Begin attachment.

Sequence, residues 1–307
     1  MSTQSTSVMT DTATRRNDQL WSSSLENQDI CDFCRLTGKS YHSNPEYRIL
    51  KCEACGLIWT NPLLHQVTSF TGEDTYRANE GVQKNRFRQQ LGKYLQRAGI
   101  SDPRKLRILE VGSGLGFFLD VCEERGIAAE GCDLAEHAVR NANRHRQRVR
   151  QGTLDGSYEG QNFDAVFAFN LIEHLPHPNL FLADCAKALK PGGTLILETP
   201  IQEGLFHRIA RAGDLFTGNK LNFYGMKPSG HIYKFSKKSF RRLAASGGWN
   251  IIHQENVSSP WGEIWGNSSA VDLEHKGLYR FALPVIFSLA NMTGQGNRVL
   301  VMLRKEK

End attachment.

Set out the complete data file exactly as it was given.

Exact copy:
Sequence, residues 1–307
     1  MSTQSTSVMT DTATRRNDQL WSSSLENQDI CDFCRLTGKS YHSNPEYRIL
    51  KCEACGLIWT NPLLHQVTSF TGEDTYRANE GVQKNRFRQQ LGKYLQRAGI
   101  SDPRKLRILE VGSGLGFFLD VCEERGIAAE GCDLAEHAVR NANRHRQRVR
   151  QGTLDGSYEG QNFDAVFAFN LIEHLPHPNL FLADCAKALK PGGTLILETP
   201  IQEGLFHRIA RAGDLFTGNK LNFYGMKPSG HIYKFSKKSF RRLAASGGWN
   251  IIHQENVSSP WGEIWGNSSA VDLEHKGLYR FALPVIFSLA NMTGQGNRVL
   301  VMLRKEK